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ch2 mus100 notes cheat

ch2 mus100 notes cheat - Melody series of pitches...

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Melody: series of pitches horizontal aspect of music the part of a piece or song that you usually hum, even when unfamiliar with the music In a song, usually associated with the words/text usually found in the higher register Harmony: progression of chords, or series of pitches suggested by chordal theory vertical aspect of music often the part of music which is felt but not focused upon by the listener Gives music tension and release usually found in the lower register Rhythm: organization of time within a piece of music both the overall temporal aspect of music and the particular pattern of a melody or harmony the part of music which makes you tap your toe and "air drum" along Affects heartbeat (can relax, energize, etc.) found in all parts, both pitched and non-pitched Timbre: quality of sound produced by instruments and voices the aspect of music most associated with historical era or genre the part of music which usually evokes an aesthetic response (does the music soothe or grate?) Often sets mood and/or evokes a place or time present in every piece, but may be limited to one or two timbral groups While in Western music the melody is usually easy to "pick out", as in the 1st example below (the words are sung by the melody), the melody of music from other cultures often does not strike us as a melody (2nd example). Also, be careful not to label a prominant, tuneful harmony part as the melody, as many do for songs with strong bass intros, like many Led Zepplin selections, or like the 3rd example below. Finally, realize that more than one melody may be present at one time; the examples from our national march, John Philip Sousa's The Stars and Stripes Forever, illustrate 1 melody, 2 melodies, and finally 3 melodies at the same time. example 1: example 2: example 3: Stars & Stripes 1: 2: 3: Register is used to describe the grouping of pitches used in a melody (or by a voice or instrument). Example of low register: high register: If you've ever wondered how the white noise option on a sleep-aid machine works, it is due to the sounding of many pitches at once. These act to block out like pitches from outside your bedroom, which might startle you awake, or keep your attention and prevent you falling asleep.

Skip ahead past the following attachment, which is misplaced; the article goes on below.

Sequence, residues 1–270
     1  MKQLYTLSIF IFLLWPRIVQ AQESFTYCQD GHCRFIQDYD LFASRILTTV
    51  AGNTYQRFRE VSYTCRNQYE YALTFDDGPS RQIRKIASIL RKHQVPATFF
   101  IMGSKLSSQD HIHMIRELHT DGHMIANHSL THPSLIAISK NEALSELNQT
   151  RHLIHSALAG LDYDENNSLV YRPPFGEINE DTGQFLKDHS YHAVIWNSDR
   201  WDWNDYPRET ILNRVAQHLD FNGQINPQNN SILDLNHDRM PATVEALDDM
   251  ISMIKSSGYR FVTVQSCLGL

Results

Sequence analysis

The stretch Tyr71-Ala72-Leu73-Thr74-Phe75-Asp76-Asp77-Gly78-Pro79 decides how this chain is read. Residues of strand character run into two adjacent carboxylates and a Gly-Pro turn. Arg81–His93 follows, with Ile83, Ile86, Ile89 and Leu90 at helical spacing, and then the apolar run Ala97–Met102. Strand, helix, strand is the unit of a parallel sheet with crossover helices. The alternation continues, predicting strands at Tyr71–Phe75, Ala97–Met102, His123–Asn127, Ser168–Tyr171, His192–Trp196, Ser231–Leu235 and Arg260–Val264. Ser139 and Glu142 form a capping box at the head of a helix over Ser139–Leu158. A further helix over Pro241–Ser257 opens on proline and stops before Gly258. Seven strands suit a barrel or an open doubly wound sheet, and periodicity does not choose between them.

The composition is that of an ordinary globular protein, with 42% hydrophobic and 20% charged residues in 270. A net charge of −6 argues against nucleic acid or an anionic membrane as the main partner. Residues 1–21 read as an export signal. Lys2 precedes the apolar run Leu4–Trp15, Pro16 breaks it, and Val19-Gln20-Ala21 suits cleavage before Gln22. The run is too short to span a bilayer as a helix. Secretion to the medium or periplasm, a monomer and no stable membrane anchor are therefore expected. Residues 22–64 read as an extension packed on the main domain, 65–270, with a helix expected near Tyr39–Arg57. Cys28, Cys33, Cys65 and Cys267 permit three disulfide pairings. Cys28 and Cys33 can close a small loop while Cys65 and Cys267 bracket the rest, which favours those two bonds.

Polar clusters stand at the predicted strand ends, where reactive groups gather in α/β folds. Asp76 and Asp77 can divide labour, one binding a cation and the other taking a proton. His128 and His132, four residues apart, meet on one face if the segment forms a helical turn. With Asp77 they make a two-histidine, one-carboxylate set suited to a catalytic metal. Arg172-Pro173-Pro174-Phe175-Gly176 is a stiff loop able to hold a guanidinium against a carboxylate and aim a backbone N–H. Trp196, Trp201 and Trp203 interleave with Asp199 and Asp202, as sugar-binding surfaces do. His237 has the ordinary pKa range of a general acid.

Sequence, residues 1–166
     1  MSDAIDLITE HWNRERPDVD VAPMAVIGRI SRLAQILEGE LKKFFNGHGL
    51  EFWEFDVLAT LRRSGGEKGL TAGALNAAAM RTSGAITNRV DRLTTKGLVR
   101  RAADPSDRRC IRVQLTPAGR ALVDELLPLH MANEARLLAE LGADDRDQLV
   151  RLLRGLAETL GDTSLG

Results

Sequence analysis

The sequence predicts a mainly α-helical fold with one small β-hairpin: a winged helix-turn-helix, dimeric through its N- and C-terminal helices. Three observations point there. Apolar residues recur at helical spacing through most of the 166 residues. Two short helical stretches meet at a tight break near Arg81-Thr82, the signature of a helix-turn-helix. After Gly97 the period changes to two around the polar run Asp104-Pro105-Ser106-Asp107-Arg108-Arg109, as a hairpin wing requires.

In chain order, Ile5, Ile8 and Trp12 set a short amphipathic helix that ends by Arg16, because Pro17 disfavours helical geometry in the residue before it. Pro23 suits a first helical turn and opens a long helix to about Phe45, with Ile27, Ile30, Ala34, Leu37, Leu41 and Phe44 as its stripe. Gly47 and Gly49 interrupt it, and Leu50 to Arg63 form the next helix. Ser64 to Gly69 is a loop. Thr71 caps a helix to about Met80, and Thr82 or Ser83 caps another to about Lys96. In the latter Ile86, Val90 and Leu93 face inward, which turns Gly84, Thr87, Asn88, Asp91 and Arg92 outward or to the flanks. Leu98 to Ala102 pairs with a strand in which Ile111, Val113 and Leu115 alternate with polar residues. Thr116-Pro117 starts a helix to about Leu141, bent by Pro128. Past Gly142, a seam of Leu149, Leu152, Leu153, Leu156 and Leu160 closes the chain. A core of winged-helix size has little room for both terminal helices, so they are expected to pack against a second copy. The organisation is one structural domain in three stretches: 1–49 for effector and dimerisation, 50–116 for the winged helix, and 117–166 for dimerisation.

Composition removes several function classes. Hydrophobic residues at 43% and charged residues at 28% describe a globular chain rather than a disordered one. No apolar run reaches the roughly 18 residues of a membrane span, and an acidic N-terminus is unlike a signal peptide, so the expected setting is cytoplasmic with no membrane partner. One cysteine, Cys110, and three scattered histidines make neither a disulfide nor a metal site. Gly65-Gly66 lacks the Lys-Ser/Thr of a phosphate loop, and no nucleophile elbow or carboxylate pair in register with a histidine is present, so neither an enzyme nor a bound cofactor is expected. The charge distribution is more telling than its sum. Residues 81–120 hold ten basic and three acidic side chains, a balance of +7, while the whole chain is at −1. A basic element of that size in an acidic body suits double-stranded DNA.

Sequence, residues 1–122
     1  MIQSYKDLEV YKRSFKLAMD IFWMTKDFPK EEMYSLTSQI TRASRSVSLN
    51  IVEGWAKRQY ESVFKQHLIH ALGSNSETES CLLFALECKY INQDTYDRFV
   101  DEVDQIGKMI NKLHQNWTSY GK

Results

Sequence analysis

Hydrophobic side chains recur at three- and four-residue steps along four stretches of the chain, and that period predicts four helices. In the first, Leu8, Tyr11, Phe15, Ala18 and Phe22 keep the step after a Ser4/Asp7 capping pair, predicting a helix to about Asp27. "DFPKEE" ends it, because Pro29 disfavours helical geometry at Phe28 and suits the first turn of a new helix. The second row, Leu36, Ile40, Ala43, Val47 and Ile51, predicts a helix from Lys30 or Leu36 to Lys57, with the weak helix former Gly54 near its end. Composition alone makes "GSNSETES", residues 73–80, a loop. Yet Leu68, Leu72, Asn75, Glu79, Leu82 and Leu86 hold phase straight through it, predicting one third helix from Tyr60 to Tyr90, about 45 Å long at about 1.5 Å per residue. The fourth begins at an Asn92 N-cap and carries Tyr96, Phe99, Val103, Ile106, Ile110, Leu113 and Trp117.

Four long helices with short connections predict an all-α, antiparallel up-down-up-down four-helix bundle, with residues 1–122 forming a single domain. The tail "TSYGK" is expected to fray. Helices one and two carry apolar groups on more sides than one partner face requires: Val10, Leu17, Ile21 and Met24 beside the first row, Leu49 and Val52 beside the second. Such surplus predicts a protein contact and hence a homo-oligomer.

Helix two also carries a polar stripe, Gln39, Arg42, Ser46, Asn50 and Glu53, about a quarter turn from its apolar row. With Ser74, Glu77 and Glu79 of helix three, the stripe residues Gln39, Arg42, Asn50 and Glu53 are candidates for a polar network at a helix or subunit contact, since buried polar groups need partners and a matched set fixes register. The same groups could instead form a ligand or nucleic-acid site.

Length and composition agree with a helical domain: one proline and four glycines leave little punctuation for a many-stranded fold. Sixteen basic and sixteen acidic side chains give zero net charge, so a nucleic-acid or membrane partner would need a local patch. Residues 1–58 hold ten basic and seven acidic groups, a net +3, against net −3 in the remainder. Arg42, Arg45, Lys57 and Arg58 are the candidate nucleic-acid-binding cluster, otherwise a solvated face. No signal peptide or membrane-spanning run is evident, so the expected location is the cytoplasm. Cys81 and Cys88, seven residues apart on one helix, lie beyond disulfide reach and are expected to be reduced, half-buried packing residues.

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Silence, or the absence of intended sound (we almost never experience true absence of sound as even the sound of our own body intrudes upon our hearing), is as important in music as intended sound. In the famous "experimental" piece 4'33'' (Four minutes and thirty-three seconds), the American composer John Cage instructs the performer to come out on stage, bow, then proceed to sit/stand without playing for - you guessed it - 4 minutes and 33 seconds. While hard enough to do by oneself, try being part of a group of silent people for even 1 minute. Talk about "uncomfortable silence"!
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